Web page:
A technical support officer spiked the water bottle of a lecturer at Ngee Ann Polytechnic with a "love potion" in the hope that she would fall for him.
But all it did was leave her with a dry throat. The lecturer, who is Japanese, also found herself unable to think clearly or sleep at night.
Wong Fook Hiong, a married man, was caught when the woman secretly filmed him spiking her water with the concoction - a combination of a sedative meant for animals and an anti-psychotic drug that he bought online for US$200 (S$285).
The 43-year-old was yesterday given the maximum fine of $1,500 for doing an act so negligently as to endanger life on Jan 12 last year. He admitted pouring a mixture of xylazine and haloperidol, both poisons, into the lecturer's water bottle at the polytechnic on Clementi Road.
Assistant Public Prosecutor N. K. Anitha said that, some time in November 2014, the 30-year-old lecturer drank some water from her bottle and found that it tasted bitter. She immediately spat it out.
After this happened a few times, she decided to place her mobile phone in video recording mode at her desk.
On Jan 12 last year, she left at about 5.30pm, returning around 8pm. She checked her phone and noticed that Wong had walked to her desk at about 6.40pm and poured a substance from a vial into the bottle of mineral water on her desk. He then shook the bottle and put it back in its original position.
She made a police report the next day and Wong was arrested with a glass vial. On analysis, the water and the vial were found to contain the two poisons.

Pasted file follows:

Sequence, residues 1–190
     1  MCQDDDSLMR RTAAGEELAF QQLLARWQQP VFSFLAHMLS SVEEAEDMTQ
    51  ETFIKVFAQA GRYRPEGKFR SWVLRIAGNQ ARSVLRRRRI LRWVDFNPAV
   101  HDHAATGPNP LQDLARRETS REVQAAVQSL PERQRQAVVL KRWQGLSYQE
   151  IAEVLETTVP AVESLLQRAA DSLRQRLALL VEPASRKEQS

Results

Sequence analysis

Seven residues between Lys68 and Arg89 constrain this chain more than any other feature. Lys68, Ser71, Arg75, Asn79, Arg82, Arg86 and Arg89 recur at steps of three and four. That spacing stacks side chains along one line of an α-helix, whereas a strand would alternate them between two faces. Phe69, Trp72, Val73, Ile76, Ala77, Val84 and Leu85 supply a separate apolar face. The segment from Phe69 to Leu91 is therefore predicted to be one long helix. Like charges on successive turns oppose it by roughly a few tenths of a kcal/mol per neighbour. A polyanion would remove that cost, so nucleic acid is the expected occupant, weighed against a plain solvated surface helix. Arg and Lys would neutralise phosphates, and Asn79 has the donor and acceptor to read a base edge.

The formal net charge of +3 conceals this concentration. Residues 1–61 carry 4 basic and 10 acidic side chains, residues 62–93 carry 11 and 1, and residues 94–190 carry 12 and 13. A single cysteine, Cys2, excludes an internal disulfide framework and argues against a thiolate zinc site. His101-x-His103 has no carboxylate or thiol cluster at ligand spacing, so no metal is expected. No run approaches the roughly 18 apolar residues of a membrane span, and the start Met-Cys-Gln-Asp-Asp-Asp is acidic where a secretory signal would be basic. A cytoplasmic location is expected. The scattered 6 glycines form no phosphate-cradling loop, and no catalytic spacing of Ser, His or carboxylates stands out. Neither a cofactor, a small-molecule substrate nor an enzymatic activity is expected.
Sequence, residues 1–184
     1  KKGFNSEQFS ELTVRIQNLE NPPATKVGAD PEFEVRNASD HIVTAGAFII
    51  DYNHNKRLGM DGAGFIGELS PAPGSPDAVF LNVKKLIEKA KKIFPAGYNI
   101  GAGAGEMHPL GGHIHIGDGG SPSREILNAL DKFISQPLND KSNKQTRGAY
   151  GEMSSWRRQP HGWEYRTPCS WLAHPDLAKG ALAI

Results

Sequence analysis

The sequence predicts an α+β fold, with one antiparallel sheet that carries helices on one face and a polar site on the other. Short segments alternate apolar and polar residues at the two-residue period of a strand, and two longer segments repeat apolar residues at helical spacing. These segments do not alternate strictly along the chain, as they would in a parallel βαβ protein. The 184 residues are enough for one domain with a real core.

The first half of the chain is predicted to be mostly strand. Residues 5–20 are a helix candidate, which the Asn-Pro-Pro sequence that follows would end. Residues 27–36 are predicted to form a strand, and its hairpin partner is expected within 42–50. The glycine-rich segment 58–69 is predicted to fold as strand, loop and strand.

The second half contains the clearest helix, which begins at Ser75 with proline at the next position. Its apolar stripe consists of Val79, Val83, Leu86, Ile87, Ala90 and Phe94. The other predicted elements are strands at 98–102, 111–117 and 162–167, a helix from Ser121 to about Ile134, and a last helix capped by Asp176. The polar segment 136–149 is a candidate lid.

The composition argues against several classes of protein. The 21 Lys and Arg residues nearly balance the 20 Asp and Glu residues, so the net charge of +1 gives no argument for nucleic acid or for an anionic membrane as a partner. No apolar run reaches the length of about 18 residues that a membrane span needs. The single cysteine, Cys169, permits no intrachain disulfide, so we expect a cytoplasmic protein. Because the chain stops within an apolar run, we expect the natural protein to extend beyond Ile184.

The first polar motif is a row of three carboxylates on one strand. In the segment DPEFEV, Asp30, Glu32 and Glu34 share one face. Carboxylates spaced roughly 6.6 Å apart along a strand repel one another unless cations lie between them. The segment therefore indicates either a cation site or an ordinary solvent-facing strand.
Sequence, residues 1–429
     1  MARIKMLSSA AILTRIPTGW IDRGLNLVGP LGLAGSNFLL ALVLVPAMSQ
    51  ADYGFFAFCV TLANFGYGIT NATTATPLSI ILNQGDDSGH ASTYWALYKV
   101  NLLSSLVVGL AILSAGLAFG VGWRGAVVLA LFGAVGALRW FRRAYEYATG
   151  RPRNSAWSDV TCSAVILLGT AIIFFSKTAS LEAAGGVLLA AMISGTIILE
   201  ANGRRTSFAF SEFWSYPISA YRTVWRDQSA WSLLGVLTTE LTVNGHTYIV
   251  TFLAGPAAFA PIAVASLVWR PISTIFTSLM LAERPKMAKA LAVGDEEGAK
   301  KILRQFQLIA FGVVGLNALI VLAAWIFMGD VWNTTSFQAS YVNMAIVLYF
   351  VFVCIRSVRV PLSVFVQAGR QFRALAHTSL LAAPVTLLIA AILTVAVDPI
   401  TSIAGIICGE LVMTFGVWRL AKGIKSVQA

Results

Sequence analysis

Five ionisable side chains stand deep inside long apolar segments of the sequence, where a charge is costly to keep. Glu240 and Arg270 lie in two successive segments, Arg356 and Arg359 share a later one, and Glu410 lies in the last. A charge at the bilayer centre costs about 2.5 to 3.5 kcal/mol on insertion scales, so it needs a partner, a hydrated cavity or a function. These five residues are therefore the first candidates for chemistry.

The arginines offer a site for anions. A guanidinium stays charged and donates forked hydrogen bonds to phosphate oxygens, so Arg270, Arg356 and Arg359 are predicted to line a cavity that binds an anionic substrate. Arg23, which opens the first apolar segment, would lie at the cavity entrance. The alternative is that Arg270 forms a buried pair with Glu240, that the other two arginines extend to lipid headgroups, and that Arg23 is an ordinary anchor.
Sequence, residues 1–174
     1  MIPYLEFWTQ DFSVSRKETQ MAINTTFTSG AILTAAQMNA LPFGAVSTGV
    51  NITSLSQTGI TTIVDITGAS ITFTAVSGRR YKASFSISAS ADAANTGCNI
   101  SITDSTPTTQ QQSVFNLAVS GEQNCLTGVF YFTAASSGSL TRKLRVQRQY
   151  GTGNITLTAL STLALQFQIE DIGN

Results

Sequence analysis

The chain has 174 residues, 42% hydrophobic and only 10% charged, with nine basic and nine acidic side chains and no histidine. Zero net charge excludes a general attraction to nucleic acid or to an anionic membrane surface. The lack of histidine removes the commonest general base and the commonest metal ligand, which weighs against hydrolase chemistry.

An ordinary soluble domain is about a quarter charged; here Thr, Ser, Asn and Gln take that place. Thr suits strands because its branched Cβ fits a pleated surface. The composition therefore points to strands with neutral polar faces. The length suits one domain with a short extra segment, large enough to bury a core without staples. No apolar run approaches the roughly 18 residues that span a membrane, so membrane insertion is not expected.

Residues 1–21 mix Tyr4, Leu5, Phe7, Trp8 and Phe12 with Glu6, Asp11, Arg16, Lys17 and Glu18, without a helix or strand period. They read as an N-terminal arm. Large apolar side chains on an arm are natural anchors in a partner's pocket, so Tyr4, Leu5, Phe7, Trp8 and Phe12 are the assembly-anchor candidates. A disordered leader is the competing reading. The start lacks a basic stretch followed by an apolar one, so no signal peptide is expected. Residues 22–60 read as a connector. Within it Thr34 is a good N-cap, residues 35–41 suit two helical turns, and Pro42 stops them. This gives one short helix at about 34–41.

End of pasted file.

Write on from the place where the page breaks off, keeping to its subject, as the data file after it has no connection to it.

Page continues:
Xylazine is a sedative, analgesic and muscle relaxant used in veterinary medicine. The reported effects in humans include drowsiness, disorientation, lethargy, hypotension, slow heartbeat and respiratory depression.
Haloperidol, an anti-psychotic drug, is used to treat various psychoses. It can cause tremors, insomnia, agitation, excessive muscle activity and headache.
Wong stated that he believed the substance to be a "love potion".
"He claimed he had added the unknown substance in the hope that the victim would drink the contaminated water and fall in love with him," said Ms Anitha, who sought the maximum fine.
In his mitigation plea, Wong's lawyer, Mr Javern Sim, said his client has been diagnosed with "mood disorder'', which caused him to be immature and to display attention-seeking behaviour.
"He was trying his best to get the attention of the lecturer that he liked very much," he said.
Mr Sim said Wong is a simple, caring man with a good character. He was truly remorseful for his thoughtless and foolish actions, and had lost his job of 17 years as a result of them. He used to earn $4,505 a month and has been jobless since.
Wong could have been fined and jailed for up to three months.